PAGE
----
I can bet you this: it wasn't No Country for Old Men.

Best moment in the film, for what it's worth: when Moss finds the crime scene at the beginning of the film, he looks through his binoculars to see a wounded dog running away. The dog looks back over its shoulder at him. It's a chilling image - it has the quality of an omen. It's a shame the rest of the film doesn't live up to it.


Mark said...

I wanted to know how much of the "silly" dialog Ed Tom says is from the book, so I've looked it up:

pg.75 (from the scene of Ed Tom and Wendall examining the drug-shootout crime scene)
"Supposedly they wont eat a Mexican"

Ed Tom - "No. I believe this one's died of natural causes."
Wendall - "Natural causes?"
ET - "Natural to the line of work he's in."

W - "It's a mess, aint it Sheriff?"
ET - "If it aint it'll do till a mess gets here."

from earlier (pg.70)
ET - "You ride Winston."
W - "You sure?"
ET - "Oh I'm more than sure. Anything happens to Loretta's horse I can tell you right now you damn sure don't want to be the party that was aboard him."

The scene between Chigurh and the trailer park clerk is taken almost verbatim.

The scene where Ed Tom and Wendall examine Moss's trailer is a bit extended and not in the book, but I don't think that they went overboard in doing so.

The last scene (you liked it, correct?) is also taken pretty much verbatim, though in the book it's one of Ed Tom's monologues, and in the film it's a conversation.

Either way, there's literally tons of jokes or humorous quotes that the Coens' left out of the film. Ed Tom isn't some hugely grave and serious person. Humor and looking at things a bit cock-eyed is what gets him through the day and allows him to function in a world that has people like Chigurh in it. I also feel that the Coens admired the trailer-park clerk as well, for having her principles and sticking to them, even though it's made quite clear to her that Chigurh could kill her without caring less.

Regardless, I do agree that the Coens often feel superior to their characters. But it's in their best films (Blood Simple, Fargo, and No Country for Old Men) where they admire and love them, imperfections and all.

Allan MacInnis said...

Oh, I realize several of the humourous lines in the film are taken from the book. There's still a question of delivery, of the overall tone of the scenes that are selected (versus those left out), of the way Jones' is framed, of the blank look his character delivers the lines with... He's not without humour in the novel, to be sure, but he's also not the BUTT of McCarthy's humour; he IS the butt of the Coen's, at times, I thought.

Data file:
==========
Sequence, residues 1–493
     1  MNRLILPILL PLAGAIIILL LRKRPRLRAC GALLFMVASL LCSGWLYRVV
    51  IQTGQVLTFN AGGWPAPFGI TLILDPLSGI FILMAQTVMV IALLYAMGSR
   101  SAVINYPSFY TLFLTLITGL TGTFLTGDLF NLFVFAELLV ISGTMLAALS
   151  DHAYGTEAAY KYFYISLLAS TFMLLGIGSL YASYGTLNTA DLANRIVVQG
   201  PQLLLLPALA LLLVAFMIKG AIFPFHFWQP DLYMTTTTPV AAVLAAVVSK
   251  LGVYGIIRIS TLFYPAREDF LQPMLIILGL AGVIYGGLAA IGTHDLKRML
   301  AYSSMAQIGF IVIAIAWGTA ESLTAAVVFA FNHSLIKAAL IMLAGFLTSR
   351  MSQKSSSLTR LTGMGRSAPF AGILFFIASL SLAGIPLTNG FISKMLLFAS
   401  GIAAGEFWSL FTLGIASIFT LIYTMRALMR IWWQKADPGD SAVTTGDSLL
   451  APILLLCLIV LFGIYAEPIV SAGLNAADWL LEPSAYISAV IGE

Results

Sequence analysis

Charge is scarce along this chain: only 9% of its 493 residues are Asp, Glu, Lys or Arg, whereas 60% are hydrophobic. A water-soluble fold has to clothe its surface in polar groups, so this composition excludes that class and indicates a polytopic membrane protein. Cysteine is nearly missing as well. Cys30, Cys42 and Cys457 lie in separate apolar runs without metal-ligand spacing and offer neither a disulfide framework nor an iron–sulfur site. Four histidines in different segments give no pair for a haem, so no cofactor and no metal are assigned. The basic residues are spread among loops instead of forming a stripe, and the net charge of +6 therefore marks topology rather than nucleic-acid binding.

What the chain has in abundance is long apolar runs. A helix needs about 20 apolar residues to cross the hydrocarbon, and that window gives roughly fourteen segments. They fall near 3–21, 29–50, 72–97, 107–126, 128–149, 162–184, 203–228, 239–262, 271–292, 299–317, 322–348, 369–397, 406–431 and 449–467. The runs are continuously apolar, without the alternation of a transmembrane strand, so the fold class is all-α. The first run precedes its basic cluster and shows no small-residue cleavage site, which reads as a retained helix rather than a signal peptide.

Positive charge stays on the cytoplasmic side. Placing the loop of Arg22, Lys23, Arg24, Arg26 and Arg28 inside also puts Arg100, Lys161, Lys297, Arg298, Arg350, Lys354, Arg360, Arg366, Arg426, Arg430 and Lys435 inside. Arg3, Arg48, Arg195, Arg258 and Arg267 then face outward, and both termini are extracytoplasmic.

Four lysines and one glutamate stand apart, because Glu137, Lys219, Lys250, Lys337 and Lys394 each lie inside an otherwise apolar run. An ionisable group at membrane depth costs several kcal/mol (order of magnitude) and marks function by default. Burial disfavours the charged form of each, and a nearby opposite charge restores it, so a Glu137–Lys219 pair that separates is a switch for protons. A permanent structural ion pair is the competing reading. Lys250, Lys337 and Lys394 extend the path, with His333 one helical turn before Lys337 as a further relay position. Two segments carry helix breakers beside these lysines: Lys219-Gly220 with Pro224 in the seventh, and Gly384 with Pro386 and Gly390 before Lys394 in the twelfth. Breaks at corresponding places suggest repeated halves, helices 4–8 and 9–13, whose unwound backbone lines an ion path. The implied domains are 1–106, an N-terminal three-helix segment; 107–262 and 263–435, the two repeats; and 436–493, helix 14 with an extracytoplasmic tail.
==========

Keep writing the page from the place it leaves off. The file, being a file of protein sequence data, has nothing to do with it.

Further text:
Re: the trailer park clerk, yes, that episode too is taken from the book - but it's still a question of framing, of how her character is treated: the moment she appears on the screen, you can tell its a Coen brothers' film - the way she is dressed and made up, she's clearly meant to be a rather comical figure, almost ridiculous, an assault on taste and style, however fond of her on some level the Coens may be. That she bests Chighurh doesn't mean that the Coens don't feel superior to her, find her ridiculous, etc - the one does not follow from the other. In fact, they may be INTERESTED IN THE SCENE because it shows a "superior human being" being bested by a buffoon (a similar logic may explain why Steve Buscemi ends up ground meat in FARGO).

Actually, it occurs to me that there's something in the Coen brothers' humour that owes a bit to that of Flannery O'Connor, who will also take innocent, guileless, rural folk, with quaint and backwards mannerisms and no taste or self-awareness, and make them her heroes or heroines, showing how in their backwards innocence, they best the intellectuals and morally ambitious contemporary people around them... The Coens should adapt, maybe, "A Good Man is Hard to Find."

Thinking about it, I think I agree that NO COUNTRY FOR OLD MEN is among the Coen brothers best works.... unfortunately, for me, that isn't saying much.

Tom said...

Thanks for the name-check. I do disagree with your reading of the film though, which seems to me a very faithful take on McCarthy's novel. I certainly didn't think the Coens' dishonoured Ed Tom – this is Tommy Lee Jones we're talking about, an actor who exudes craggy integrity. We laugh with him – as he says (I forget the exact quote) sometimes all you can do is laugh. I'd have to see it again to comment on the scene with the trailer park clerk in terms of mise en scene, but I was impressed that she stood up to him.

Allan MacInnis said...

Hey Tom -

Yeah, everyone likes this movie but me and about three other critics, but dammit, I'm gonna stick to my guns and refuse to see the fucker again for a couple of years (at least). PARANOID PARK I'll probably revisit, because I'm curious why it irritated me as much as it did (I'll have an interview up with the author of the novel in the next week or so, btw). I guess I'm becoming quite hard to please.

Funny: there's quite the slapfight in the comments on Rosenbaum's review. I realized, on rereading it, that in fact, HE was the one who got me thinking of Flannery O'Connor. It's an interesting point of comparison...

Anonymous said...

The last morally challenging film I saw. What comes fast to mind is "Matchpoint" by Woody Allen, an admirer of Bergman's... An elegant piece of work that plys on chance as well.

Allan MacInnis said...

Well - didn't really dig Matchpoint, but I can't say much about it, since it didn't really linger (which is part of the problem). I DID like Michael Clayton a lot, which I saw a little later in the year, and saw as attempting serious things, and was even impressed by Before the Devil Knows Your Dead on a number of levels... It actually turned out to be a far better year for cinema than I expected.

And in fairness to the Coen's, I must admit - on second viewing of the film, which I just got back from about half an hour ago - while the same things that I found annoying, smarmy, or at best, tonally wrong the first time through still seemed annoying/smarmy/tonally wrong on second viewing, they bothered me far less, while the things that I enjoyed initially were far more enjoyable. I don't recant anything I said: even if it pissed me off less the second time through, the degree to which it pissed me off the first time still counts against it. But I probably was a bit unkind.

Liked it a helluva lot more than There Will Be Blood, in any case.